Let’s now look at a few factors to consider when fitting 33” tires on your truck.
Before you even consider fitting 35” tires on your IFS truck, you’ll need to have a minimum 4” lift kit installed. Depending on your truck, sometimes this isn’t enough, since you’ll still need to make additional modifications to prevent scrubbing at full lock. This is especially true if you want to retain full functionality and articulation which is important for off-road. If you decide to go 4” or higher, beware there are serious implications to any IFS suspension, but more on that later.
Who should fit 35” tires? There are mixed opinions when it comes to large tire upgrades, and depending on who you ask, you’ll get differing opinions. I give it a Hell YES! If you can – why not? In fact, I am currently planning a 35” tire upgrade on my truck! The added clearance, aggressive look, and improved traction and stability in my opinion is well worth it. It comes at a price of course.
Wheel offset or backspacing is a factor that gets little consideration, and it can create complications if you’re not sure exactly how much brake caliper clearance is required. The problem here is, you don’t want to go too negative offset on the wheels else you risk too much wheel “poke”.
What is the difference/meaning of backspacing vs Offset?
Backspacing is the distance measured from the hub mounting surface to the inside edge of the wheel. When you decrease backspacing, you gain more inside wheel clearance. There is a fine line between keeping the tires in the guards and preventing scrub on arches, UCA, Brake calipers, etc.
Offset is measured in mm and generally refers to how your wheels sit inside the wheel wells. You get positive and negative offset wheels. When it’s positive the imaginary line is more towards the front and negative means the mounting surface is more towards the rear of the rim creating a deep dish effect.
Fender & Arch Trimming to fit 35’s
Usually, there are a few plastic liners on the inner fender guards that need to be massaged since they will scrub at full articulation. So get comfortable with your Stanley knife and cutter and do some trimming of those wheel arch/guards where they are making contact. You might even have to do some arch rolling, depending on which truck you have and how much space you’re working with.
Be mindful of the inner guard pinch weld and the inside of the fender flare. They usually need some trimming, depending on the tire and vehicle. Fender clearance and backspacing go hand-in-hand with tire width. A wider and taller tire will require more wheel arch clearance and room to move when flexing off-road and when turning at full lock. Don’t forget about your bump stops. Manufactures seldom mention anything about bump stops when selling you suspension components and it’s vital.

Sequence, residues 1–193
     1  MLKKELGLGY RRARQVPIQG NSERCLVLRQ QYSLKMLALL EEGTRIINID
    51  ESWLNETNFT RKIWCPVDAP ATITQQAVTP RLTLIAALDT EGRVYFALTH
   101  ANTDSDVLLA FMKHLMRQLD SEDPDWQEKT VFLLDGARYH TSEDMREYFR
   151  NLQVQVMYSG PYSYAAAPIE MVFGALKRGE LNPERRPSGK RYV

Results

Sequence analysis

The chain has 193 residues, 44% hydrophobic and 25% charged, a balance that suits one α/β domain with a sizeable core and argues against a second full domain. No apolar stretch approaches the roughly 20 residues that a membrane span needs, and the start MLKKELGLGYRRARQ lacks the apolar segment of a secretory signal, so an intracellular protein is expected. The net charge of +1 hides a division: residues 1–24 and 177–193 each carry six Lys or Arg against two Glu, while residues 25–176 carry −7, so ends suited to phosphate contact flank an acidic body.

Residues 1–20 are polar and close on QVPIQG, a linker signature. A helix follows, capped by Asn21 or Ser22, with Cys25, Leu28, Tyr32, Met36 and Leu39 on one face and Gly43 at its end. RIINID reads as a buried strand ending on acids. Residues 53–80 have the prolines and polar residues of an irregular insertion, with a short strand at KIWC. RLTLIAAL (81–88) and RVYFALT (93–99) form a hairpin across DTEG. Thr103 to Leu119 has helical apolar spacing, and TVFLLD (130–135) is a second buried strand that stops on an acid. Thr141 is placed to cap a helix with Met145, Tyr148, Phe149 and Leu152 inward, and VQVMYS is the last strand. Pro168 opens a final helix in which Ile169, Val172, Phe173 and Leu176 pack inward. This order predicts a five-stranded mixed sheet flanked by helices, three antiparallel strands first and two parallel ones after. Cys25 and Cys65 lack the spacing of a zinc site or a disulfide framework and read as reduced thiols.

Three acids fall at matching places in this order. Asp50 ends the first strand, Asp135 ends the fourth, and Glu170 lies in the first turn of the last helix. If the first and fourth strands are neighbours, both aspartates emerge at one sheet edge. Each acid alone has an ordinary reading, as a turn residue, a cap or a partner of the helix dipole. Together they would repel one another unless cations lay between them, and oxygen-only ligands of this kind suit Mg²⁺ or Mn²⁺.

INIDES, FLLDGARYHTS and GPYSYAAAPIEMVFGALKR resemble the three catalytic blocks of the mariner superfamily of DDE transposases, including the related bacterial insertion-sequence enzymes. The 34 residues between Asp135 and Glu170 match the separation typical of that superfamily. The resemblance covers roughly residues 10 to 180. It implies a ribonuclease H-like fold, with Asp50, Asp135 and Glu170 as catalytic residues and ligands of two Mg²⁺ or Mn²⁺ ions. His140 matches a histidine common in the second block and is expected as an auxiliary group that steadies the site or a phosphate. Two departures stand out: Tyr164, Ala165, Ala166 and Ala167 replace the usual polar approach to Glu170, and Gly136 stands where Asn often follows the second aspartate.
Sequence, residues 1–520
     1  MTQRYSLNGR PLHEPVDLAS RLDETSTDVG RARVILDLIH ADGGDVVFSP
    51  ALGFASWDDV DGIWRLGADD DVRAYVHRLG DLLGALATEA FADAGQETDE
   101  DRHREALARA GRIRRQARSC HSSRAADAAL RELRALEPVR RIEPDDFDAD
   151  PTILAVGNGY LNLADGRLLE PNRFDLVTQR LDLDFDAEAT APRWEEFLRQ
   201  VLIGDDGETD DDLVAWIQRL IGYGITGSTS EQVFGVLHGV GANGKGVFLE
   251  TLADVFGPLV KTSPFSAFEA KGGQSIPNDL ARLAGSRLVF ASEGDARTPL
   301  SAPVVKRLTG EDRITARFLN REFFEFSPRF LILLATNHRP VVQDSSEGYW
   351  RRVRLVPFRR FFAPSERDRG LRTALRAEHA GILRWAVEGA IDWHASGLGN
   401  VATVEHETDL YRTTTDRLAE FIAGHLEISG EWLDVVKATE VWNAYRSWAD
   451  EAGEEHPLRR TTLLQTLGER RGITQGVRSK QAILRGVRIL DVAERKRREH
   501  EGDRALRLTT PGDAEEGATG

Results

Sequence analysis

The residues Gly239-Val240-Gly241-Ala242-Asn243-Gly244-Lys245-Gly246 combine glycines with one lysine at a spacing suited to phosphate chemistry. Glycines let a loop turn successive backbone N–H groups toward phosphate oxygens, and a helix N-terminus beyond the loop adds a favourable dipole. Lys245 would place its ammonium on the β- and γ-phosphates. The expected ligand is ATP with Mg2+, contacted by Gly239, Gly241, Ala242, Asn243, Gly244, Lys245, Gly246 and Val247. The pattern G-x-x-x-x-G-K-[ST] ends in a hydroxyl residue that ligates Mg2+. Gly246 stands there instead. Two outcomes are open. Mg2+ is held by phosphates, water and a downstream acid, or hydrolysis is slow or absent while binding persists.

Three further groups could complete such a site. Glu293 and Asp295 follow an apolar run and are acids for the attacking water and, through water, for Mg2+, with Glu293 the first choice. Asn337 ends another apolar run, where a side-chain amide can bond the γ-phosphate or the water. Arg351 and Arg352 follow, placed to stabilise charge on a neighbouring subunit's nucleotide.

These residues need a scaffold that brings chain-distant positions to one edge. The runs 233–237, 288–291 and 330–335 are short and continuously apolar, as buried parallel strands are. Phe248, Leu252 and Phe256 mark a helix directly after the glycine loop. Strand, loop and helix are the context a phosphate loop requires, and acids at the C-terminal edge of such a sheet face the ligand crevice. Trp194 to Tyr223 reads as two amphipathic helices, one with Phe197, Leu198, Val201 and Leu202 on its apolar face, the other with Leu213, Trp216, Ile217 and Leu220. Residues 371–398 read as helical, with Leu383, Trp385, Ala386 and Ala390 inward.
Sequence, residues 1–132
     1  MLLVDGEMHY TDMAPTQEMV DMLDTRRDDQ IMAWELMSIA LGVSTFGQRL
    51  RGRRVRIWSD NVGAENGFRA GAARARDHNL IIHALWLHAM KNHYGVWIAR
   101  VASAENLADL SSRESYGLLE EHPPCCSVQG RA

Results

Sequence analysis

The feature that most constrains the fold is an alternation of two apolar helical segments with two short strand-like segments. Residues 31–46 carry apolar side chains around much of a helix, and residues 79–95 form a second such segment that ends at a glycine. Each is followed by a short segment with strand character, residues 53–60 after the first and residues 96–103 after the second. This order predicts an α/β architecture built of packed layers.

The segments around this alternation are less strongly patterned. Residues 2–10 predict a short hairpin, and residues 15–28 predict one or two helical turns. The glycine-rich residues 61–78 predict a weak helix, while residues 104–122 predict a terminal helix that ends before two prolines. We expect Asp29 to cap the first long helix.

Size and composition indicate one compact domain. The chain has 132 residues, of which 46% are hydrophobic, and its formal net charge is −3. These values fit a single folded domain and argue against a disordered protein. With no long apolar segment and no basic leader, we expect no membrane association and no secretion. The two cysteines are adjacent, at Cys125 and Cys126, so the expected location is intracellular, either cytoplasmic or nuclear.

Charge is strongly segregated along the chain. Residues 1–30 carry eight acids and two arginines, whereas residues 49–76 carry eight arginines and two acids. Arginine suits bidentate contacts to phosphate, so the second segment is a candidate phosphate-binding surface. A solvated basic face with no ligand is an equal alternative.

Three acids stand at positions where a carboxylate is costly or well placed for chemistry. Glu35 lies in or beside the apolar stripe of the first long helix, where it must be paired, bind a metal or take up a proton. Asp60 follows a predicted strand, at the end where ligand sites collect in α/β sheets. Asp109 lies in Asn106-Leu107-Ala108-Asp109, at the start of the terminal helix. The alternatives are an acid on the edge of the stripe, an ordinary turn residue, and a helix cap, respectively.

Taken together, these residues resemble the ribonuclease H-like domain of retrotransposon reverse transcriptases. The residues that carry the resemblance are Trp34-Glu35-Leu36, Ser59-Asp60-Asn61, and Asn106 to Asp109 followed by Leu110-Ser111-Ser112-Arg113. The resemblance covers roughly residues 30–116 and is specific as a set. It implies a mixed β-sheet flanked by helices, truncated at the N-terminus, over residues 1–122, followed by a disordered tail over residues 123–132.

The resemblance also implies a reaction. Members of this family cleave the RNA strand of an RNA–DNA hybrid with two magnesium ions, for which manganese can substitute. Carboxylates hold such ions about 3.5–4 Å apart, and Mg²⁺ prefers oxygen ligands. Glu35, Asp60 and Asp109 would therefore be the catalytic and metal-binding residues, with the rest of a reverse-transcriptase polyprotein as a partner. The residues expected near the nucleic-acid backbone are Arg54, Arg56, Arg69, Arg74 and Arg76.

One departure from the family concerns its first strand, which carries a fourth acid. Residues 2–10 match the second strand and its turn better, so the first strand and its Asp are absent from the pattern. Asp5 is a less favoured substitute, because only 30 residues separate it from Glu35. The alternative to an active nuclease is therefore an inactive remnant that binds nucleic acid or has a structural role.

When you squeeze oversized tires into a wheel arch without lifting the truck, you’ll need to trim away a lot of the inside fender and arch plastic to allow the tire to tuck behind the arch when turning and flexing off-road.
Will the 35’s throw out your speedo?
When you upgrade from a stock tire to one with a taller aspect ratio (Sidewall), increasing the wheel circumference, your speedo can be thrown out. In the case of 35” tires, the diameter will be larger and have an increase in the aspect ratio. This might throw out your speedometers reading quite a bit. The increase in tire circumference means the actual speed you are traveling will be higher than your speed reading and get worse the faster you travel.
The below table will give you an indication of how the speedometer reading is affected from a 32” (275/70R17) to a 35” (315/70R17).
Below are the actual differences between the stock 32” tire and the upgraded 35”
|Measurement||Stock Tire (275/70/17)||Upgrade (315/70/17)||Differences|
We have mentioned quite a few variables to consider before dropping a load on expensive oversized tires. You should first determine what the primary application for the upgrade is. Is it purely for aesthetics or will you need maximum practicality, off-road ability, while maintaining maximum articulation?